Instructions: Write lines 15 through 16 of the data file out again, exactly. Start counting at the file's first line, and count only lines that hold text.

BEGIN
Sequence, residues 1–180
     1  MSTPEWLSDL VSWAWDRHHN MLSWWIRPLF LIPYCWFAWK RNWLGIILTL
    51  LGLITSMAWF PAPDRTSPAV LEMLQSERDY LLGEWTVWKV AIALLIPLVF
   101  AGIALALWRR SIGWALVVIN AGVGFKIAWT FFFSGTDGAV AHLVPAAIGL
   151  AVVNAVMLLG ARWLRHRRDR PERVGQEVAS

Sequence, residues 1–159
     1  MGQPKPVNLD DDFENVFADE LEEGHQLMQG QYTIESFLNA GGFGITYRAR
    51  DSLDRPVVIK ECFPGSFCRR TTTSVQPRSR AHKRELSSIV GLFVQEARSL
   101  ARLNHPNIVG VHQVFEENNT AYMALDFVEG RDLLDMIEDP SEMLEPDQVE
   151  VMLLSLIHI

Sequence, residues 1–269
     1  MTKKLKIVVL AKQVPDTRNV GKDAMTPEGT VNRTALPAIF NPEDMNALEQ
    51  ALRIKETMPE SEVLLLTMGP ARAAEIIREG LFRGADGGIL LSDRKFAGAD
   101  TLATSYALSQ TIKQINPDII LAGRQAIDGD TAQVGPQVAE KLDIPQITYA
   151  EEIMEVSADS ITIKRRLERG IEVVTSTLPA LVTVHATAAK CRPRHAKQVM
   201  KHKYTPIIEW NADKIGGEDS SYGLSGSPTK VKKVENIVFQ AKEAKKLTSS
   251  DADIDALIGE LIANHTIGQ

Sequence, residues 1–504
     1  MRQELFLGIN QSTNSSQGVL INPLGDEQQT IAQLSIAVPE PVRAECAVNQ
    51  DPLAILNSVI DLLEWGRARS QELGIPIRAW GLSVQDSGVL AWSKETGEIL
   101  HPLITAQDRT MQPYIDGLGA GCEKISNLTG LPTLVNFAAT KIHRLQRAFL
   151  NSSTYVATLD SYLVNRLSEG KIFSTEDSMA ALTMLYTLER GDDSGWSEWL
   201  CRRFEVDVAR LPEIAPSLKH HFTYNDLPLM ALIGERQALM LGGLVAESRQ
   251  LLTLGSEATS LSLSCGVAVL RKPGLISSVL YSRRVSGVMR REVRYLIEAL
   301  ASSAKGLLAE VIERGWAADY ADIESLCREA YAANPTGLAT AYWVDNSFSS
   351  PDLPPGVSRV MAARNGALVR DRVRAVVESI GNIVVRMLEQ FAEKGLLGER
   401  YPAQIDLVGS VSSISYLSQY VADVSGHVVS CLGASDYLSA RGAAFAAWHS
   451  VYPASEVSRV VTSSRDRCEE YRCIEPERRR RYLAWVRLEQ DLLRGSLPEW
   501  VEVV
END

   151  EEIMEVSADS ITIKRRLERG IEVVTSTLPA LVTVHATAAK CRPRHAKQVM
   201  KHKYTPIIEW NADKIGGEDS SYGLSGSPTK VKKVENIVFQ AKEAKKLTSS